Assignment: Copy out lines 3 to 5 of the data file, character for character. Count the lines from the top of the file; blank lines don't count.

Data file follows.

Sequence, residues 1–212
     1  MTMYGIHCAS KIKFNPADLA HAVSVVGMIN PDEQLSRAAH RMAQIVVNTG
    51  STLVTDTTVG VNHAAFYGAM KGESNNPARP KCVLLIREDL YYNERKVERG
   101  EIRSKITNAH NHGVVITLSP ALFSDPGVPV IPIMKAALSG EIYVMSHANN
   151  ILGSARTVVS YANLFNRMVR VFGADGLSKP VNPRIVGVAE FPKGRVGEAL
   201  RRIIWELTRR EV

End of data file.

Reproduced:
    51  STLVTDTTVG VNHAAFYGAM KGESNNPARP KCVLLIREDL YYNERKVERG
   101  EIRSKITNAH NHGVVITLSP ALFSDPGVPV IPIMKAALSG EIYVMSHANN
   151  ILGSARTVVS YANLFNRMVR VFGADGLSKP VNPRIVGVAE FPKGRVGEAL